"The low estimate of rationalism and the exaltation of custom, tradition, and feeling, the conception of society as an alliance of the generations, the belief in the abiding character of ideas as contrasted with the ephemeral nature of concepts, these and many other romantic views bolstered up the existing culture. The concern with relations led the Romanticists to praise the hierarchical order of the Ständestaat and to regard everything and every-one as an intermediary. The acceptance of the fact of inequality harmonized with that of the ideals of service, duty, faithfulness, order, sacrifice - admirable traits for serf or subject or soldier." [12]

Anderson also believes that the Romanticists remained swinging "between individual freedom and initiative and group compulsion and authority" and as such could not have brought in fundamental reforms, because: "By reverencing tradition, they preserved the power of the backward-looking royalty and aristocracy." [13]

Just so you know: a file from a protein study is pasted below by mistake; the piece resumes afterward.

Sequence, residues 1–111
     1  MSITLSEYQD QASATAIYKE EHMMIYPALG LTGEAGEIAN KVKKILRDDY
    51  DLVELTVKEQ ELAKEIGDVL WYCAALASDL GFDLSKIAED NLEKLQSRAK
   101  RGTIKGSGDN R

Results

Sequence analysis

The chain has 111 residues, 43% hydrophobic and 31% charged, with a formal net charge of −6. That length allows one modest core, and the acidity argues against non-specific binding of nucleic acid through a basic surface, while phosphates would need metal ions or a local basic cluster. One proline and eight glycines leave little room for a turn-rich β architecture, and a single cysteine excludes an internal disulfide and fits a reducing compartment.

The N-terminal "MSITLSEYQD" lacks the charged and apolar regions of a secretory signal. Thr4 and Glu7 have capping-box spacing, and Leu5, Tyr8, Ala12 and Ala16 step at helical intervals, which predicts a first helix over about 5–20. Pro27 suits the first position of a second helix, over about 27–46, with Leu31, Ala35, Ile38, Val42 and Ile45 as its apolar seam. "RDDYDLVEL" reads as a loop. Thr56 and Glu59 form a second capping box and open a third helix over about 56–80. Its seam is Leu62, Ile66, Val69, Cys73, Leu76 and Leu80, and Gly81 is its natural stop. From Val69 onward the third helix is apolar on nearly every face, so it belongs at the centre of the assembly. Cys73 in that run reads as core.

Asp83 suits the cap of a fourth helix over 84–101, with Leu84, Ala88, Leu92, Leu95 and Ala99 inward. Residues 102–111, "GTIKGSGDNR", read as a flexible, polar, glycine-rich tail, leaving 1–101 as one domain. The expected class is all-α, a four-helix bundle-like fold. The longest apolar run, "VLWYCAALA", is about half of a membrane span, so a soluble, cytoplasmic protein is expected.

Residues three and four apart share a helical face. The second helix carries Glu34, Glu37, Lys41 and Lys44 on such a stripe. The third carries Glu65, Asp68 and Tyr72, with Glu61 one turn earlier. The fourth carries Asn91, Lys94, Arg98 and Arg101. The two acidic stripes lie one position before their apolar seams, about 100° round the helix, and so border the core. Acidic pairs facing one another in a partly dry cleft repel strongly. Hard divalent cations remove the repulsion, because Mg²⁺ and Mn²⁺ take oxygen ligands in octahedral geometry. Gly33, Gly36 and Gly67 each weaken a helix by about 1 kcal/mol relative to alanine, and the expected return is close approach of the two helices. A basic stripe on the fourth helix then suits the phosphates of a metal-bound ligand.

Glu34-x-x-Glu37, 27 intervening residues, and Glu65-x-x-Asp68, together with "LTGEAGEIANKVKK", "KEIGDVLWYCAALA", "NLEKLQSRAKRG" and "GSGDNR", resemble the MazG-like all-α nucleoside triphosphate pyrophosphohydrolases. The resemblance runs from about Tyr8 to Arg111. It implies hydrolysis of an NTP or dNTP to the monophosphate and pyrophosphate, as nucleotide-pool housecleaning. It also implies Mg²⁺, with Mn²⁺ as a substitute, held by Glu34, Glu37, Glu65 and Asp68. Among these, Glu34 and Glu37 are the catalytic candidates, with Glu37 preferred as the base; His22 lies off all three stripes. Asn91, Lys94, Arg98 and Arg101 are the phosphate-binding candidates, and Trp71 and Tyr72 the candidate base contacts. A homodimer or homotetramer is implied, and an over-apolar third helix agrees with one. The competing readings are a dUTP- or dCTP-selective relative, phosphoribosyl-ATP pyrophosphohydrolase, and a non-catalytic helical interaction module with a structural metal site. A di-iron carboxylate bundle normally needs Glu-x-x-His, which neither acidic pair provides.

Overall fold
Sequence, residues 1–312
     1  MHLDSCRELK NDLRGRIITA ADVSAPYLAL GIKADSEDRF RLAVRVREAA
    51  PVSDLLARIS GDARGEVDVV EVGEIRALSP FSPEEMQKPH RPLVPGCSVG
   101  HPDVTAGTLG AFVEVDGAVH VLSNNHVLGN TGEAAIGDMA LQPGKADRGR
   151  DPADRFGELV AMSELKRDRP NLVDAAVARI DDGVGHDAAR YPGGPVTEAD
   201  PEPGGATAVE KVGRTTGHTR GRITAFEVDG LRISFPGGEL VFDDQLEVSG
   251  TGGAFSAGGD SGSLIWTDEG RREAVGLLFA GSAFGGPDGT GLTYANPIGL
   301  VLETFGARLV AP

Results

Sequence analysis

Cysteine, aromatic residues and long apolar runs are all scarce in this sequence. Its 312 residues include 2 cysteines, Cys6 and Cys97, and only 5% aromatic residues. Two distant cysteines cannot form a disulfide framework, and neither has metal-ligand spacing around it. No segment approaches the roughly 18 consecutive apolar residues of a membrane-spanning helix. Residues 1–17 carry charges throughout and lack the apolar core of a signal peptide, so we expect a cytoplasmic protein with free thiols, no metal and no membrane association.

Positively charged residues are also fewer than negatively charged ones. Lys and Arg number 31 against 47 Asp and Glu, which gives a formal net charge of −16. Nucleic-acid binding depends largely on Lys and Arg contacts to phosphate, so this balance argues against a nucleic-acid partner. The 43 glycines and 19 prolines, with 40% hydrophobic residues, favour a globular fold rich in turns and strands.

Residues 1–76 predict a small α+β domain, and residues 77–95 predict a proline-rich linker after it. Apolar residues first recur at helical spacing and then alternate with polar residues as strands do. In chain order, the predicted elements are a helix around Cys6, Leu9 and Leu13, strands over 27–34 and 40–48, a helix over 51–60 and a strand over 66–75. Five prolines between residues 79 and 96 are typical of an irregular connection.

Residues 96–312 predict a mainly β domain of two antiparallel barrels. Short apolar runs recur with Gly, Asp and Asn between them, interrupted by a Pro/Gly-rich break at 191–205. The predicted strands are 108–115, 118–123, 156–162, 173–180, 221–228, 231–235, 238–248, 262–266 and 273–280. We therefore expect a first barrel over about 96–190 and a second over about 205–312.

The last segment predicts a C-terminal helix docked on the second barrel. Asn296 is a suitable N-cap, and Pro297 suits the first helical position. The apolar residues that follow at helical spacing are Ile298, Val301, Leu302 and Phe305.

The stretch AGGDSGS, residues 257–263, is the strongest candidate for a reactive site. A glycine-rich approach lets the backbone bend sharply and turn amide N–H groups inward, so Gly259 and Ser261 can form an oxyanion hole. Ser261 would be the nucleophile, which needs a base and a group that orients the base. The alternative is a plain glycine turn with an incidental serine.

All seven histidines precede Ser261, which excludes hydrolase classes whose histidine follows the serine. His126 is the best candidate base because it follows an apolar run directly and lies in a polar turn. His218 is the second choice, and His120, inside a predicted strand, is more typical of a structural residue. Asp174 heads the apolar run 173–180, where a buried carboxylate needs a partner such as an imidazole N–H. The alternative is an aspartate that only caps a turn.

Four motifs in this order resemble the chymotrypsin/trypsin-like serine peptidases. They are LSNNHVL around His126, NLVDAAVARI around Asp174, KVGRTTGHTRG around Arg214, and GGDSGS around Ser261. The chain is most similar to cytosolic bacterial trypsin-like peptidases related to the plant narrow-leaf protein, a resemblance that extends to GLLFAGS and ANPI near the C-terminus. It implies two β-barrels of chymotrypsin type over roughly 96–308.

Thus Romanticist self-centredness in philosophy translated into the most conservative forms for maintaining the status quo in politics. Individual freedoms were matched by authoritarianism for the masses. The individual was king alright, as long as you weren't a 'serf or subject or soldier'.


Beyond morality: Working Class perspectives on Reason and Sentiment

"We have never intended to enlighten shoemakers and servants—this is up to apostles."
Voltaire (1694–1778)